- Category: Blog
- Published: Thursday, 08 September 2016 23:14
- Written by Jack Wilbur
- Hits: 1835
Small Hive Beetle in Utah
Watch the video about how to load traps.
In April of 2016 small hive beetle (Aethina tumida) was detected in Washington County, Utah. A single specimen was collected by an inspector as part of a routine inspection. This represents the first official detection of small hive beetle in the State of Utah. In response Utah Department of Agriculture and Food (UDAF) placed 105 small hive beetle traps in hives throughout Washington County in May of 2016. This was done to determine whether or not there was an established population and if so to what extent. There were no additional detections of small hive beetle after two months of extensive trapping efforts. UDAF has a high degree of confidence that there is not currently an established population of small hive beetle in Washington County. Further-more UDAF is not aware of any established population of small hive beetle in the State of Utah.
Basic SHB Biology
SHB has 4 distinctive life stages: egg, larvae, pupa and adult. First females lay eggs on pollen or in cells with developing brood. Then eggs hatch and the larvae begin eating comb, brood, pollen and honey. Once the larvae have built up enough energy reserves they crawl out of the hive, burrow into the soil and pupate. When the beetle emerges from the soil it is an adult. Adults fly back into the hive to feed, mate and lay eggs. Only the larval and adult stages are readily observable by the beekeeper. It is important that you familiarize yourself with the appearance of these two stages so you can identify the infestation early on.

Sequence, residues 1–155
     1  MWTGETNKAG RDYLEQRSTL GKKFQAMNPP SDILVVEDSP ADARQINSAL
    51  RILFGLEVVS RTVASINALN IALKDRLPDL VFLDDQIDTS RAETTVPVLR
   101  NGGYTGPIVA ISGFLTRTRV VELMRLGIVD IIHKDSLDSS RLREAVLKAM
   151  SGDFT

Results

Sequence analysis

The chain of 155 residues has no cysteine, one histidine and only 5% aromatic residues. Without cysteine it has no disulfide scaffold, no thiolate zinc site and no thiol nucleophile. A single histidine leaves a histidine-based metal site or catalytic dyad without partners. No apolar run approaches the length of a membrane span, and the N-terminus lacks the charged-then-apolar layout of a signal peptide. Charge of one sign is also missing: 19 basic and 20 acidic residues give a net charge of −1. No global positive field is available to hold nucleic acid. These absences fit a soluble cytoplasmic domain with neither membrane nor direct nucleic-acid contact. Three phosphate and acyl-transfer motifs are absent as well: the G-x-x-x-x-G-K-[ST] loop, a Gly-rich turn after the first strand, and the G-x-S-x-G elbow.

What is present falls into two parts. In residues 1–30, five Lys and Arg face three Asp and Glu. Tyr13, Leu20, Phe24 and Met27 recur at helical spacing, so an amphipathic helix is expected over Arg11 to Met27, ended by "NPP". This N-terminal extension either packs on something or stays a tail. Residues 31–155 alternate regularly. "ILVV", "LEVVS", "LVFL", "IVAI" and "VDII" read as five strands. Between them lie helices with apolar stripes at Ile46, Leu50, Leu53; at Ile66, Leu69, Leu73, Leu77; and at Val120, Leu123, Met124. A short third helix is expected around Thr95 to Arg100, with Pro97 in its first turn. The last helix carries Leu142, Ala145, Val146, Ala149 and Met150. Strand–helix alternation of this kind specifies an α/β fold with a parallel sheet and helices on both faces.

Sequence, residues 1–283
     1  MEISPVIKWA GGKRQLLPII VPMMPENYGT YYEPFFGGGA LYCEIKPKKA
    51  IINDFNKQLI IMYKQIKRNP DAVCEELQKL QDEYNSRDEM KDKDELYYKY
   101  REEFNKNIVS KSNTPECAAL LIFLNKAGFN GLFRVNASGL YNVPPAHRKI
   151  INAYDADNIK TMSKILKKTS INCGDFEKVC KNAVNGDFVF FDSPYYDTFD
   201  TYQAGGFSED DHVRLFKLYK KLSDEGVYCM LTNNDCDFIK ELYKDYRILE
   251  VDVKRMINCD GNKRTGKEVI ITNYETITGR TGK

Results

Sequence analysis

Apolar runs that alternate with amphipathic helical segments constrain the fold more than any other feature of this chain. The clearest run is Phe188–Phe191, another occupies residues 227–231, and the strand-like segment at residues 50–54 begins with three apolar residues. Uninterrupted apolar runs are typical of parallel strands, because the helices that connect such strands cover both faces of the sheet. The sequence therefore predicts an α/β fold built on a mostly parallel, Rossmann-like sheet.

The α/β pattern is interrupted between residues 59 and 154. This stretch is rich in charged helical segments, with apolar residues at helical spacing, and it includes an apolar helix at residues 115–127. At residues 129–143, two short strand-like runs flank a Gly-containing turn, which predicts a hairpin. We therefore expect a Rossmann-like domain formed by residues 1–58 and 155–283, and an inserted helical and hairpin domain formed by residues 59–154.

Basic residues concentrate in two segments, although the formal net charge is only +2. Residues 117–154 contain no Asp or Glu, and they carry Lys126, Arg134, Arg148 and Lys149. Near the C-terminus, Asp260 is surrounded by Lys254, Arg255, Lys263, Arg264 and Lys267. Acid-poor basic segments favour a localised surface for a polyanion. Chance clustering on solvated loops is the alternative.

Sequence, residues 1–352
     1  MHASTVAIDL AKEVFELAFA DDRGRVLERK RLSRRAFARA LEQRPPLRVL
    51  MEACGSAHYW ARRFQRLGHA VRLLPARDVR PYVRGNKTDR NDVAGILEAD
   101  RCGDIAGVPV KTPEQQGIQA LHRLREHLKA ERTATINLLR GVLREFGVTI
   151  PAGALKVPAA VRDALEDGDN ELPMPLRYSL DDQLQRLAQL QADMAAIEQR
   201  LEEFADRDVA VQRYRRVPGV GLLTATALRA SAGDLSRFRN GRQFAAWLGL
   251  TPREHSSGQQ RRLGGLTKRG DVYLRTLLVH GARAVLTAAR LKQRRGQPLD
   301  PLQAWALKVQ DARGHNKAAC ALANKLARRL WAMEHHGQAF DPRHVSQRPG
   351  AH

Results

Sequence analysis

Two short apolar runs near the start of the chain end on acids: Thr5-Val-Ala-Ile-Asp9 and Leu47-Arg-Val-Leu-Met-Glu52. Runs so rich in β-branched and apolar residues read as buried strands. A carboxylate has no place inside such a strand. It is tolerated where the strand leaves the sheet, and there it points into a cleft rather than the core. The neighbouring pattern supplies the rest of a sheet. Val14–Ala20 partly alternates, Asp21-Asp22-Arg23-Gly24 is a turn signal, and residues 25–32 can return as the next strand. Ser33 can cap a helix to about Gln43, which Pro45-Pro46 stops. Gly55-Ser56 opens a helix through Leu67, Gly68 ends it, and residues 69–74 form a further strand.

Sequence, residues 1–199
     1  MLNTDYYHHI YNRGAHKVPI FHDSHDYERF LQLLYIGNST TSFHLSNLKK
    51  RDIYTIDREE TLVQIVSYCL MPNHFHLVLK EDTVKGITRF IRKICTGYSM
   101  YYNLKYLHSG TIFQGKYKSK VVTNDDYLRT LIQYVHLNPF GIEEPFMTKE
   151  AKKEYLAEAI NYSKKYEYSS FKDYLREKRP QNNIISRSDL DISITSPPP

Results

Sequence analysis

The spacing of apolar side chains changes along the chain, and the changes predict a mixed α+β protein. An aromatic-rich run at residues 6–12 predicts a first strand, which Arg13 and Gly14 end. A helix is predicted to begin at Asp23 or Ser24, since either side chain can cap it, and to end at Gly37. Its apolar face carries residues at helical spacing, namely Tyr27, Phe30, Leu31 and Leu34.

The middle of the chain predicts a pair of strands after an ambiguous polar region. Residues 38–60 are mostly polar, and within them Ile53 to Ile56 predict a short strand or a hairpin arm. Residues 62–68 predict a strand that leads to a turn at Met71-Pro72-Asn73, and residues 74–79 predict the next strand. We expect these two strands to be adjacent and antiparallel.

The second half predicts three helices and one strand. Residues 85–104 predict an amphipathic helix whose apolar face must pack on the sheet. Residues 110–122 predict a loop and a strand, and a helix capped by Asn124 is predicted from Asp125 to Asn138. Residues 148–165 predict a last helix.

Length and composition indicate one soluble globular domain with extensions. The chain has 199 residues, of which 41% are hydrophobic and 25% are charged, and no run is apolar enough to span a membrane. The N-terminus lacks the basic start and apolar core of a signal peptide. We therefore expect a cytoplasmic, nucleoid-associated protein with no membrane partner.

Adult small hive beetles crawl on top of a frame.
Risk to Utah Beekeepers
Risk of serious impacts to colonies and beekeepers from small hive beetle in the State of Utah is thought to be low. Small hive beetle prefers wet humid climates and tends to do poorly in warm dry climates. This is because small hive beetle pupates in the soil outside a beehive, where the soil must contain enough mois-ture for them to become adults. While risk to the state as a whole is low, there may be small areas where the beetles are able to establish. Therefore UDAF will continue to monitor for this pest as well as other ex-otic organisms which threaten our state’s apiaries.
If you suspect that you may have small hive beetle contact the Apiary Program at:
The Take Away
No known populations of SHB in the State of Utah.
UDAF placed 105 SHB traps and verified that there is no es-tablished population of SHB in Washington County.
Utah is at low risk for serious impacts from SHB.
Contact the Apiary Program if you suspect you have SHB.